Hawaiian Islands Terrestrial Adaptation Initiative

Deanna Spooner, USFWS
Deanna Spooner, USFWS

Location: Islands of Hawai’i

Climate change is one of the most pressing challenges of our time, and its impacts require that we change the way we consider management in order to ensure the future of habitats, species, and human communities. The Hawaiian Islands encompass a dynamic region featuring iconic habitats and species at risk from a number of stresses. Climate change impacts, coupled with land use changes, invasive species spread, and population growth and development, all have important implications for the ecosystem services upon which over 1.4 million people rely.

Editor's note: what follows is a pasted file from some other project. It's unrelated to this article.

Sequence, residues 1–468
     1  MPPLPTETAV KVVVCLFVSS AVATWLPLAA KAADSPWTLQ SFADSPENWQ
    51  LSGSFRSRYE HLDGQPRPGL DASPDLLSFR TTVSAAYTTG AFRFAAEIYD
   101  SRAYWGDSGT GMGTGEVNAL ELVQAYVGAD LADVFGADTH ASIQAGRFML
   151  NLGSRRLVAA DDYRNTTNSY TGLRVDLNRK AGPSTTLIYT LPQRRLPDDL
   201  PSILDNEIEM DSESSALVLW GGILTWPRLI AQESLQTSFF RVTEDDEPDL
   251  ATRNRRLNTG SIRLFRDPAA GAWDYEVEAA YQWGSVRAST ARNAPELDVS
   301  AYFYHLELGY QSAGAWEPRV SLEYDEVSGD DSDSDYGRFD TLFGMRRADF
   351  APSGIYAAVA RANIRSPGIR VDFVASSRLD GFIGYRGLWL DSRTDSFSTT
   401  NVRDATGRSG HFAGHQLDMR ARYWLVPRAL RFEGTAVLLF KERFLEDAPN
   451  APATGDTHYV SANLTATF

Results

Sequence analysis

The goal of this project is to develop science-based syntheses of climate impacts on, and adaptation options for, terrestrial and freshwater resources on each of the main Hawaiian Islands. This project brings together Hawaii’s resource managers and conservation planners to discuss these challenges, share knowledge, identify needs, and prioritize key actions to reduce the vulnerability of resources to climate change. Through interviews, literature reviews, expert elicitation, vulnerability mapping, and on-island workshops, this project will provide information that will improve understanding of and capacity to reduce the effects of climate change on key resources; identify opportunities for minimizing climate-related losses through management and collaboration; and create products to facilitate decision-making by land managers.

Project Partner:

EcoAdapt